NASA’s Webb May Have Spotted Water Vapor Around a Rocky Exoplanet…or Maybe Not?
An artist’s concept of the rocky exoplanet GJ 486 b, which orbits a red dwarf star that is only 26 light-years away in the constellation Virgo. Recent observations of GJ 486 b transiting in front of its star found potential signs of an atmosphere, but the results are still inconclusive.
Credit: NASA/ESA/CSA/Joseph Olmsted (STScI)
Mon, 05/01/2023 - 10:00
NASA’s James Webb Space Telescope has delivered images and details about the cosmos that have been stunning and even scientifically refining. But a new study documenting Webb’s recent observations of a rocky planet 26 light-years away are downright confounding, and have left researchers at the edge of a major discovery.
Dubbed GJ 486 b after the red dwarf (or M dwarf) star that it orbits just about every 1.5 Earth days, the rocky exoplanet discovered in 2021 is a super-Earth roughly 30% larger than Earth and three times more massive.
In their pursuit to characterize planetary atmospheres that, in turn, would help determine what planets could potentially support life, researchers pointed Webb’s Near Infrared Spectrograph (NIRSpec) instrument at GJ 486 b last December as it crossed in front of its star two times. Webb collected the frequencies of infrared light in a spectrum as the planet passed, a process known as transit spectroscopy, and with this technique the team could determine whether the planet has an atmosphere and what molecules are present.
Using three methods to analyze the data, the team — which includes astrophysicist Kevin Stevenson of the Johns Hopkins Applied Physics Laboratory in Laurel, Maryland — found the spectrum lacked the most common atmospheric molecules, including carbon dioxide, methane and hydrogen. The only close match was one familiar to Earth: water vapor.
At 800 degrees Fahrenheit (430 degrees Celsius), GJ 486 b is inhospitable to life, as we know it, no matter how much water vapor it might have, emphasized Sarah Moran, a planetary scientist at the University of Arizona in Tucson and lead author of the study, which has been accepted for publication in The Astrophysical Journal Letters. “It’s in no way habitable.”
But given the planet’s temperature, any water vapor would have to be part of an atmosphere, likely replenished by volcanoes ejecting steam from the planet’s interior. Such a circumstance would make GJ 486 b not only the first rocky exoplanet known to have an atmosphere but, with an atmosphere entirely made of water vapor, also one totally foreign to what we know.
“There is no comparable atmosphere in our own solar system,” Stevenson said. “We could be exploring a brave new world that would speak to the diversity of exoplanet atmospheres out there.”
Except there’s a chance Webb’s observations might not mean any of that. The water vapor seen might not come from GJ 486 b at all, the team reported. Instead, it might come from a counterintuitive place: the planet’s star.
Credit: NASA/ESA/CSA/Johns Hopkins APL/Joseph Olmsted (STScI)/Josh Diaz (APL)
Know Thy Star, Know Thy Planet
Exoplanet researchers have only recently started to appreciate that aberrations on the surface of a star, such as dark spots or bright faculae, can contaminate the spectra of an exoplanet. They can make it look like a molecule is present when in reality it isn’t. The effect is particularly stark with M dwarf stars, like GJ 486 b’s, and it’s a possibility the team couldn’t shake.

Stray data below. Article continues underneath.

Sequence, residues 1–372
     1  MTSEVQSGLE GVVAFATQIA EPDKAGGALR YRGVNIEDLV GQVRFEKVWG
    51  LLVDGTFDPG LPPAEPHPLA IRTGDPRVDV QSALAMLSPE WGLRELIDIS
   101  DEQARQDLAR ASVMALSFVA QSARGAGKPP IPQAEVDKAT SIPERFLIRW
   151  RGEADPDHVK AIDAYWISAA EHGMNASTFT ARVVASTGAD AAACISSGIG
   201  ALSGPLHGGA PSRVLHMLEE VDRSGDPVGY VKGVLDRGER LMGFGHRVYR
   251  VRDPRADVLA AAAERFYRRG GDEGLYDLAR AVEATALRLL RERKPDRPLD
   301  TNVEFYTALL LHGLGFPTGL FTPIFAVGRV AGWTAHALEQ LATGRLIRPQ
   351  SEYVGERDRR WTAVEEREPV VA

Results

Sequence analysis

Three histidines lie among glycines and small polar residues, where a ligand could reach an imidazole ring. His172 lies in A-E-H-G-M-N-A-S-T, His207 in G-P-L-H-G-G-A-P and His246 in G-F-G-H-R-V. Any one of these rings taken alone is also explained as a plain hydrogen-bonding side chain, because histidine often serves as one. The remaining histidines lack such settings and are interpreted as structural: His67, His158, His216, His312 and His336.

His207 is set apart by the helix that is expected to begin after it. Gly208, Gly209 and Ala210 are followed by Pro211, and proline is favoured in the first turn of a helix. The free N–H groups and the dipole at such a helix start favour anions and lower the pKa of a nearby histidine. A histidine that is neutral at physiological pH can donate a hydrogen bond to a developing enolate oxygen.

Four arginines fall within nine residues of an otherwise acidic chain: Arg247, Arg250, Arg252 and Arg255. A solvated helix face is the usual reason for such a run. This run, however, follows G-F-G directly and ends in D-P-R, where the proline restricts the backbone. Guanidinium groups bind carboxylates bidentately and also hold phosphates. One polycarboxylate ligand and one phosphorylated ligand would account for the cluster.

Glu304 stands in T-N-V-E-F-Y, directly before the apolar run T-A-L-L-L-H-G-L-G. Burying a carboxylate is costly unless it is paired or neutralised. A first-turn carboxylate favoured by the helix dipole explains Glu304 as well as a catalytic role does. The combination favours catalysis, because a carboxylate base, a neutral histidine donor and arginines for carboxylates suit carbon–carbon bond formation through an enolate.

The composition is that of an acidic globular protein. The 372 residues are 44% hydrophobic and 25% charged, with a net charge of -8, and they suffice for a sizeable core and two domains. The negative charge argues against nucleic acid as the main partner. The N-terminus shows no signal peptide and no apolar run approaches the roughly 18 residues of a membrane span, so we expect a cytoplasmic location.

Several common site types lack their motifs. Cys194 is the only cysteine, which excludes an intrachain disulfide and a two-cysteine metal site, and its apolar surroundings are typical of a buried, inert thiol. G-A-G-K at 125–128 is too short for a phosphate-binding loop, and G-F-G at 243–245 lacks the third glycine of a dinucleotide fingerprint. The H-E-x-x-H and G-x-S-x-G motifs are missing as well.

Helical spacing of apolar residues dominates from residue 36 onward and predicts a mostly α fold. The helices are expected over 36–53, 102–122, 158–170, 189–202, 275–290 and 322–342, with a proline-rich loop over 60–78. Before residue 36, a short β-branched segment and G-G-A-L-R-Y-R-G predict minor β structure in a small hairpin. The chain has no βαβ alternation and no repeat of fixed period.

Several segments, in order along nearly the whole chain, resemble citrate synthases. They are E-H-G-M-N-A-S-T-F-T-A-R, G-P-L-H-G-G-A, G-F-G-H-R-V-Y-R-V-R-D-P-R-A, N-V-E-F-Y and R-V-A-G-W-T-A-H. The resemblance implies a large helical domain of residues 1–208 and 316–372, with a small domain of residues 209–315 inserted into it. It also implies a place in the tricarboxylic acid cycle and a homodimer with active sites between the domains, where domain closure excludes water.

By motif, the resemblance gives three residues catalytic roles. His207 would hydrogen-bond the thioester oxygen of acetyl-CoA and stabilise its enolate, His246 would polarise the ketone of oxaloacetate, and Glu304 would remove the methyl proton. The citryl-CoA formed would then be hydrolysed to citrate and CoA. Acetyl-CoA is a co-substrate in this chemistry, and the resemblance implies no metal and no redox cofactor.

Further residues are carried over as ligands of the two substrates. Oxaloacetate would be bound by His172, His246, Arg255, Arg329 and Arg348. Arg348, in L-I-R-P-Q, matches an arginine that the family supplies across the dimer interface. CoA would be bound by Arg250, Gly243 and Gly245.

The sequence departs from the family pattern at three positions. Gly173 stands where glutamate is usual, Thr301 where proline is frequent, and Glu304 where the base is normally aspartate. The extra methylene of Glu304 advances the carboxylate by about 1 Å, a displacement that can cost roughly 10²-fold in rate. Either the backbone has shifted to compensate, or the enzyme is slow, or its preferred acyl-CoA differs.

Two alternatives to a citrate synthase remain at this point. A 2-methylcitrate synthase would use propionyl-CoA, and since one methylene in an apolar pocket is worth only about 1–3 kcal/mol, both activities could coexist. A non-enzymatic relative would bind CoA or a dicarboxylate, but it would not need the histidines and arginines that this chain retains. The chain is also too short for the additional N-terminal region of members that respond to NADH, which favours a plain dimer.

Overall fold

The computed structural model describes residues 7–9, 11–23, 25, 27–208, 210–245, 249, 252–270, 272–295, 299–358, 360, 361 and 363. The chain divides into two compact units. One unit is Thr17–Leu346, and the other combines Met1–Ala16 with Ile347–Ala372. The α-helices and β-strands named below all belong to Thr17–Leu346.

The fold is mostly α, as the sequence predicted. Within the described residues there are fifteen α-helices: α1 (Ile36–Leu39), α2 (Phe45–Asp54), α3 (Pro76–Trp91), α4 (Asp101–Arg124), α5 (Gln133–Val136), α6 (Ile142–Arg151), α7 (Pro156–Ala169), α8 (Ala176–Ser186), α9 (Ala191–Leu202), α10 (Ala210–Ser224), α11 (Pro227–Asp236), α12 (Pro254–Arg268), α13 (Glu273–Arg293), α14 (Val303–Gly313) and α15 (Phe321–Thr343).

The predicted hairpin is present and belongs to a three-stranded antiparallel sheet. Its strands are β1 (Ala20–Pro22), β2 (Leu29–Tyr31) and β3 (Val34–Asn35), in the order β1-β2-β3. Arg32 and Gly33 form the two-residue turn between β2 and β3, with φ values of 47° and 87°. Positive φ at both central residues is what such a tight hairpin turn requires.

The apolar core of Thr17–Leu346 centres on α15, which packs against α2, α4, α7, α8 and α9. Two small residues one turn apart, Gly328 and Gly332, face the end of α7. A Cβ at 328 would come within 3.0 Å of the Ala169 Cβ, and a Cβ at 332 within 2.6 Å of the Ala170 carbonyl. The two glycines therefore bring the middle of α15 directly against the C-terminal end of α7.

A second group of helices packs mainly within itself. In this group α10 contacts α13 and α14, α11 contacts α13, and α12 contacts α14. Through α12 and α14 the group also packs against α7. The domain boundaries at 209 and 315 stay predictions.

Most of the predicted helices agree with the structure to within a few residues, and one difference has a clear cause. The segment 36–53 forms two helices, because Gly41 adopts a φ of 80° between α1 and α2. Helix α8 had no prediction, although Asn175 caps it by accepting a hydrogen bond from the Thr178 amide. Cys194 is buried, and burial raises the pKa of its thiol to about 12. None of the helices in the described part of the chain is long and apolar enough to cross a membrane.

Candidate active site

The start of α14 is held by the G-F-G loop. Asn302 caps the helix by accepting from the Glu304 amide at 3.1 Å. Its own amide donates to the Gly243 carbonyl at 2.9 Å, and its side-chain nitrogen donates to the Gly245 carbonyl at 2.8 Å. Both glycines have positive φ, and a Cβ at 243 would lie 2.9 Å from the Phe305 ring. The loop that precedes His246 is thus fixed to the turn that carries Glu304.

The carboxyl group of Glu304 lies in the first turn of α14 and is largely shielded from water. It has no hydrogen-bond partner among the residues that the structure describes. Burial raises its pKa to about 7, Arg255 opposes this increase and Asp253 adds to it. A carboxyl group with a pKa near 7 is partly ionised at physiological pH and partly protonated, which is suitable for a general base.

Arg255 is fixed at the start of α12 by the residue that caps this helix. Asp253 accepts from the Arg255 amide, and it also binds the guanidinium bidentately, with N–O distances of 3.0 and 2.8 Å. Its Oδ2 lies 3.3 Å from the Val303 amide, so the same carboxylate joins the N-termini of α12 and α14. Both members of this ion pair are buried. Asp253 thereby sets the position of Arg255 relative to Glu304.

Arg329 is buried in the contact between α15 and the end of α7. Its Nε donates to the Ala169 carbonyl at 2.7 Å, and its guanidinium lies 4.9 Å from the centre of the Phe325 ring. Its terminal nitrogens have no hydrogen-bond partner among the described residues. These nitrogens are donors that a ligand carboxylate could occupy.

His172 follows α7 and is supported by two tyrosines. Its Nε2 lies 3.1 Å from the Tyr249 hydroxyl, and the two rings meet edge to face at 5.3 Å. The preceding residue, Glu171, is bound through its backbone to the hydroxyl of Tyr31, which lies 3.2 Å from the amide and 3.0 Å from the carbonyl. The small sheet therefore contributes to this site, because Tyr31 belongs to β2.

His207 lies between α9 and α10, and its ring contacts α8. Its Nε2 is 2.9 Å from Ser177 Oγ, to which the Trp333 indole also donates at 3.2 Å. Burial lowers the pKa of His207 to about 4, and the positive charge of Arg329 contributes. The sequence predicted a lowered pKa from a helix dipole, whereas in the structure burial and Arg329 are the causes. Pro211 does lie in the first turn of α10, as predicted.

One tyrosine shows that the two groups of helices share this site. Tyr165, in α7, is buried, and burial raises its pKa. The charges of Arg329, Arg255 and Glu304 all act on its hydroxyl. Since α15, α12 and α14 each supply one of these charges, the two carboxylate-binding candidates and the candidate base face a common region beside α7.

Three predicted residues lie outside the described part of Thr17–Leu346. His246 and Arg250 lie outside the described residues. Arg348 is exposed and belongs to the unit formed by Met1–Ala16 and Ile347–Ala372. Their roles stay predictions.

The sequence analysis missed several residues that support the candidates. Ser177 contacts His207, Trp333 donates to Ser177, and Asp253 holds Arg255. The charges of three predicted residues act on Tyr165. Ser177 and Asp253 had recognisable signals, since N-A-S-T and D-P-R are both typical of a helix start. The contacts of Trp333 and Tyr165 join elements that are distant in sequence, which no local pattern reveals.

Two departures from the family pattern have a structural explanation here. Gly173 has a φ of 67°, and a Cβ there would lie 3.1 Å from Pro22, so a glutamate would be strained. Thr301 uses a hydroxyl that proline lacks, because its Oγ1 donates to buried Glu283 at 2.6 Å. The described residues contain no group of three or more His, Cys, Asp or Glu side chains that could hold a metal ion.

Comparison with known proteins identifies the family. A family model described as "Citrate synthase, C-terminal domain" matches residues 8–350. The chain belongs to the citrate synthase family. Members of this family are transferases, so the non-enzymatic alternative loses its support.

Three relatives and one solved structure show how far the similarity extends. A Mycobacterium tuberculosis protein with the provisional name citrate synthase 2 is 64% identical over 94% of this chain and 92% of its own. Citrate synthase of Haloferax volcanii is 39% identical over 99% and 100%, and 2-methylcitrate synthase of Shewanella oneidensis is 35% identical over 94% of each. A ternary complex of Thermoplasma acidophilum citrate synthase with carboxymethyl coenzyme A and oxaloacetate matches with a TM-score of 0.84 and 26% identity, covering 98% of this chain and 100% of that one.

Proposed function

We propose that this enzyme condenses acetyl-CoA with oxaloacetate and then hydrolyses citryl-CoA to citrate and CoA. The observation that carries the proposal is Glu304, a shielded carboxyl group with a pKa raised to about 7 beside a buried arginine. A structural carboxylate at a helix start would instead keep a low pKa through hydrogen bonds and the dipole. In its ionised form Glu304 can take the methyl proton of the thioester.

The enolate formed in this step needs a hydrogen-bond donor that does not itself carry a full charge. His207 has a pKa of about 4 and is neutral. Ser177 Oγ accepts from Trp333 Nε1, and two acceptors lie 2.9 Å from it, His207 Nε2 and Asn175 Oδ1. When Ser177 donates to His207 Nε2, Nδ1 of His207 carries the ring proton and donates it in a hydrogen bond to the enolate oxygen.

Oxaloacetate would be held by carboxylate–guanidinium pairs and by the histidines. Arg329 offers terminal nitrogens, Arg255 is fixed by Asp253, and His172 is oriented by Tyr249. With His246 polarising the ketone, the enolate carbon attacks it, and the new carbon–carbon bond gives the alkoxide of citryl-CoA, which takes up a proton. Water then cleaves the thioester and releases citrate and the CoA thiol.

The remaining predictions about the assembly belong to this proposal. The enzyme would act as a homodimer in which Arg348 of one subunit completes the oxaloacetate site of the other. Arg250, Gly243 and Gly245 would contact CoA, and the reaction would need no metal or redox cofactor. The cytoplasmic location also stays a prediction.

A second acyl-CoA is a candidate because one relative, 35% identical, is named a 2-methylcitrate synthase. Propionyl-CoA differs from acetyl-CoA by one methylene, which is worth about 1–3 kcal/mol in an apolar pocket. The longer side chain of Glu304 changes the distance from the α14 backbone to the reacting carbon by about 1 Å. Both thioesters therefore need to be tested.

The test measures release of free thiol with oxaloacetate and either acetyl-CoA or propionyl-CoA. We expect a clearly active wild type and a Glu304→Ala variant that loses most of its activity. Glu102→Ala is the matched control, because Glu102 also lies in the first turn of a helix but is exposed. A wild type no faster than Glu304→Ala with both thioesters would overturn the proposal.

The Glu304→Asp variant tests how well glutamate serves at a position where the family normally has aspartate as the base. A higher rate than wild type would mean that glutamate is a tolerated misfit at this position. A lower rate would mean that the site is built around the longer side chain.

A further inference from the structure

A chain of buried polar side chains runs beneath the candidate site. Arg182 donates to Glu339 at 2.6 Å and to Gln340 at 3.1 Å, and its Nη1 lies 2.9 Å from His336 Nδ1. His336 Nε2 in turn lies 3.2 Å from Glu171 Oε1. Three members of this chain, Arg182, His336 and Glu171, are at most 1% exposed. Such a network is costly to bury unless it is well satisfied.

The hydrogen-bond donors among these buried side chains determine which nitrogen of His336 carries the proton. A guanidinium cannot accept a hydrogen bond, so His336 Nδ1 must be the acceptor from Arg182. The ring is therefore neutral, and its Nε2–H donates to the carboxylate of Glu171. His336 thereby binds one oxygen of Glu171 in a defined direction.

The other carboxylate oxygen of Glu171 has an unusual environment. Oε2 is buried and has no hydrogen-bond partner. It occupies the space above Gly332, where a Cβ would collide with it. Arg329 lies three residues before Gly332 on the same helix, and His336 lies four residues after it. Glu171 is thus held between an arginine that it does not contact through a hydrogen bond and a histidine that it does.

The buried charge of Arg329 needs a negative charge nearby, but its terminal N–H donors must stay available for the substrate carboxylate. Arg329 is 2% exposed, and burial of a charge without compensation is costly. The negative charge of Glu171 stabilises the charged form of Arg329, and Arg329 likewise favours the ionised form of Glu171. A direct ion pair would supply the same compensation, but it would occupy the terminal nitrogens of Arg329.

“We see a signal, and it’s almost certainly due to water,” Moran said. “But we can’t tell yet if that water is part of the planet’s atmosphere — meaning the planet has an atmosphere — or if we’re just seeing a water signature coming from the star.”
M dwarfs are cool enough that water vapor can exist in their photospheres. Much of the water is broken into its components, hydrogen and oxygen, but some can remain stable near star spots, which are cooler than the surrounding environment.
That water vapor is possibly what Webb detected. When the team ran models to test this possibility, the results closely matched the spectra Webb returned.
“We didn't observe any evidence of the planet crossing any star spots during the transits, but that doesn't mean that there aren't spots elsewhere on the star,” said study co-author Ryan MacDonald, an astrophysicist at the University of Michigan. “And that's exactly the physical scenario that would impart these signals into the data and could wind up looking like a planetary atmosphere.”
Future Webb observations could shed more light on the issue. In an upcoming program this summer, researchers will use the telescope’s Mid-Infrared Instrument to observe GJ 486 b’s dayside. If the planet lacks an atmosphere, or has only a thin one, the hottest part of the dayside should stay directly under the star. But if there is an atmosphere, the hottest point should shift as the atmosphere circulates the heat.
The team’s greatest hope, however, may be proposing a future observation using Webb’s Near Infrared Imager and Slitless Spectrograph (NIRISS) instrument. At the invisible infrared wavelengths of light that Webb observes, the two potential scenarios — an exoplanet with a water-vapor-rich atmosphere or a humid star — are virtually indistinguishable. However, peek just outside visible wavelengths, which NIRISS does, and the two situations quickly diverge.
“It’s joining the two instruments — NIRISS and NIRSpec — that will really pin down whether or not this planet has an atmosphere,” Stevenson said.
Until then, the mystery will persist.
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